Source for information on Science, Technology, and Literature: Encyclopedia of Illich criticized the reversal of the relation of needs and wants by materialist. Famous Victorian critic Matthew Arnold wrote an essay entitled 'Literature and Science'. The essay discussed the relationship between literature and science. Literature is closer to technology than it is to information, a set of techniques for exploiting certain relations between embodied minds, rather.
Science produces information about the world--or perhaps better, about the relationship between certain modes of action and their results. This information gives rise to technology, which exploits these relations.
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Literature is closer to technology than it is to information, or science--it exploits a certain relation, or set of relations, rather than attempting to explain it. Aristotle was mistaken in claiming that literature is superior to history because history only deals with particulars--in the terms of cognitive neuroscience, it is episodic knowledge--while literature presents a general truth, or semantic knowledge.
That would turn literature into a kind of science. The defense never really worked; the "truths" of literature are too diverse to be systematized, too contradictory.
It is clearly not a collection of useful information about the world.
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As Sir Philip Sidney finally put it, poetry makes no claims--it is neither true nor false. Literature, then, is a technology, a set of techniques for exploiting certain relations between embodied minds, rather than a body of knowledge. It doesn't transmit information, it acts in the psyche, moves you, plays on you like Hamlet's flute.
This point is tacitly assumed yet elided in contemporary cultural studies, which focuses on the ways in which the technology of literature is employed in the service of power. The idea was that, eventually, all these lines would be rehoused.
But increasingly I use the search function. In seconds, I can find every simile I've ever written about an onion or every description of a particular character asleep.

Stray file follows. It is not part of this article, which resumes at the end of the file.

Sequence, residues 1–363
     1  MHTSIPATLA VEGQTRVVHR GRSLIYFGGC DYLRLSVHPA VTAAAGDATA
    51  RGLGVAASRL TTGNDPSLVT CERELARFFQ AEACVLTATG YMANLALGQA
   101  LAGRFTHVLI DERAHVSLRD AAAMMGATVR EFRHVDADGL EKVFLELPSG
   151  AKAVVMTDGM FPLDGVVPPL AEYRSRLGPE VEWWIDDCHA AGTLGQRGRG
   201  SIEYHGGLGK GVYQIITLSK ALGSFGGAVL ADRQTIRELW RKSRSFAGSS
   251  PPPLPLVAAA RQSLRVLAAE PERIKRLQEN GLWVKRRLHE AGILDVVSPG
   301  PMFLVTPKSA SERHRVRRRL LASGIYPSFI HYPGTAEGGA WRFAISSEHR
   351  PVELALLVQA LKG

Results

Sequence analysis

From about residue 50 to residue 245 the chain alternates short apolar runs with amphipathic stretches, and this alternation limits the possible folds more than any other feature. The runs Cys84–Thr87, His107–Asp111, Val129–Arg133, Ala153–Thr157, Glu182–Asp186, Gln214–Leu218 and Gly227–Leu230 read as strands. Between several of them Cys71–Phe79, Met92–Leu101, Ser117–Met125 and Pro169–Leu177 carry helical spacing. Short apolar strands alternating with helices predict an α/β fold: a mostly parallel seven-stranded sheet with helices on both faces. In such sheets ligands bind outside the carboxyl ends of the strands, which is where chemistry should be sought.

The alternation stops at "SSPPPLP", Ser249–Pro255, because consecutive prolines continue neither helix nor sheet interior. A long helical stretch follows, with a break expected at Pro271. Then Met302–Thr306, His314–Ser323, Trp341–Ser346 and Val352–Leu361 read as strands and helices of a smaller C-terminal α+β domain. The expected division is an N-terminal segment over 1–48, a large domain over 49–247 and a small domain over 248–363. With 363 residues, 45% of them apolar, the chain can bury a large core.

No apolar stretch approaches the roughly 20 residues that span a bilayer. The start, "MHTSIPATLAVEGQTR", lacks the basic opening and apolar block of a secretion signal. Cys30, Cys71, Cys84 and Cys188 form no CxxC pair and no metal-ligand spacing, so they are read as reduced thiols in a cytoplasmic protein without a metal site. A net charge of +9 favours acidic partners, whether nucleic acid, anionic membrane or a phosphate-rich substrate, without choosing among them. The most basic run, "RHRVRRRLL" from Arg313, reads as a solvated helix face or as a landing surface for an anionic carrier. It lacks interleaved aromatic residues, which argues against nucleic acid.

How technology rewrites literature
I'm able to pull together resources in a much more fluid way. I can't quite decide whether this has made me a lazier writer or a freer one. Necessary mess … Zoe Pilger "I write on a laptop. I've just got a really old laptop that weighs three tonnes so I never take it out of the house.
The only time I write by hand is when I take notes. In Civilisation and its Discontents, Sigmund Freud links technology with amputation, with the tools created by man replacing his organs and limbs: Has anything been lopped-off from the contemporary author to make room for all the new ways of writing? McCarthy, however, is keen to avoid overstating its impact on writers.
The hardware changes over time, but the base situation doesn't. Another time I wanted to fictionalise a particular set by a particular band at a festival I'd been to.
SCIENCE, TECHNOLOGY, AND LITERATURE
Whereas before writers would have to use their memory and imagination to embellish, I just looked it up on YouTube and could watch the exact set in Technology provided me with a memory. And that process can go both ways.
Writing with new platforms; drafting on Google Docs, emailing paragraphs or uploading chapters to Dropbox, all pull the writer's work out of their private space and places it in a cloud. While this may make writing more systematic, it can also leave it vulnerable. With the collapse of the East German regime, and the gutting of its offices, the paraphernalia that had maintained the giant surveillance bureaucracy was flooding the flea markets and secondhand shops; you could get these typewriters really cheap.